The Fountain of the Four Seasons, which rests in front of the Memorial Union, was lit with candles as ISU students celebrated a major Hindu holiday Tuesday night.
Members of the Hindu YUVA, a student organization on campus, gathered to celebrate Naraka Chaturdasi.
Naraka Chaturdasi is the second day of Diwali, a five-day long Hindu festival that is popular throughout India.
Ruchir Goswami, president of Hindu YUVA, said Diwali is celebrated by Hindus all over the world.However, it is a major holiday in India.
“If you want to picture how it’s celebrated in India, consider Fourth of July and Christmas on the same day,” Goswami said.
On the day of Naraka Chaturdasi, Goswami said there are sweets, good food and the exchanging of gifts.
Not only that, he said every home in India lights diyas.
Diyas are oil lamps, typically made from clay. However, for the event in front of the Memorial Union on campus, students used simple tea candles.
Lighting these candles has a special meaning for the festival as well.
“It represents the virtue over darkness,” Goswami said.
Goswami said it is a time of reflection for those celebrating the festival, and lighting the diyas has a deeper meaning than some may know about.
“It’s also a time when we try to remember that all of these virtues and darkness reside inside us,” he said. “So when we are lighting the diyas, it is a reminder that we have to bring light within.”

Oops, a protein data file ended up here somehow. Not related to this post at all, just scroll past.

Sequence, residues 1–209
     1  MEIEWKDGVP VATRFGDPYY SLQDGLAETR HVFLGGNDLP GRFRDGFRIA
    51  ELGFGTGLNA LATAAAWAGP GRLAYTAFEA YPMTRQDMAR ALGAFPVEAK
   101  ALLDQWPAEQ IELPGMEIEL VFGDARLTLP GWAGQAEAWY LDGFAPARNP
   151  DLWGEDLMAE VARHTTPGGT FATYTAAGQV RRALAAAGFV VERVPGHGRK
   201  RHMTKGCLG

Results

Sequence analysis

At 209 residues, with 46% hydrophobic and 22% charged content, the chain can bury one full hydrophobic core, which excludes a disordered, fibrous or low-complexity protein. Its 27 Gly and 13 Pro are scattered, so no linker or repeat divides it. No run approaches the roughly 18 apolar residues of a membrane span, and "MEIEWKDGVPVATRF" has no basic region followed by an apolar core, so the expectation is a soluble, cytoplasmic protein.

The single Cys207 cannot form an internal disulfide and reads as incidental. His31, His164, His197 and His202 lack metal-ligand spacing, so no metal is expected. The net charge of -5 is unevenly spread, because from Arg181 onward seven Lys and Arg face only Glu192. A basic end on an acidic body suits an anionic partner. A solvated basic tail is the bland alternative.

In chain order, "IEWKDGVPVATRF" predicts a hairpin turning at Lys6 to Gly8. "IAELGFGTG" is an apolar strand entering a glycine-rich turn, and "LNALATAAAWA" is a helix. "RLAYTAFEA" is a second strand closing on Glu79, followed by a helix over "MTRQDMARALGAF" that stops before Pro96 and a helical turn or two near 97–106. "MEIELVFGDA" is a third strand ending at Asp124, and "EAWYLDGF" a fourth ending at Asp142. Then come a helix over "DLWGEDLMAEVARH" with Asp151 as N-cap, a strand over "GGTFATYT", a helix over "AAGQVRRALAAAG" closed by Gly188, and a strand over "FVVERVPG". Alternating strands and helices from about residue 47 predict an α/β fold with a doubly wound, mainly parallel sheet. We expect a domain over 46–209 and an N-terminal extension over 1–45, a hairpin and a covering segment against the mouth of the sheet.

Goswami said the organization is hosting the event in order to create a feeling of celebration among the Indian members of the community. Not only that, but Hindu YUVA invited the public as well to learn more about the festival and the Hindu culture.
Goswami said Diwali is the oldest festival celebrated in the country, and there are many stories associated with it, many of which are diverse based on the region it originates from.
The most popular story, Goswami said, tells the tale of a regent prince whose wife was kidnapped by a demon king. The prince, who represents virtue, gathered an army of people to rescue his wife from the demon king, who represents darkness. According to the tale, there was an epic battle fought, and the side of evil was defeated.
“That is why, even to this day, we go around lighting diyas,” Goswami said. “Just to remind us this is the day that virtue won over darkness. Or knowledge triumphed over ignorance.”
As an international student from India, Goswami said he has very fond memories of celebrating the festival back home.
“As children, it was an excuse for us to stay out all night,” he said. “We used to say, ‘Oh no, the light went out. We have to go back and make sure it is lit.'”
There will be another event hosted for Diwali night, which takes place at 6:45 p.m. Wednesday in the Schilletter and University Village Community Center. The public is welcome to attend.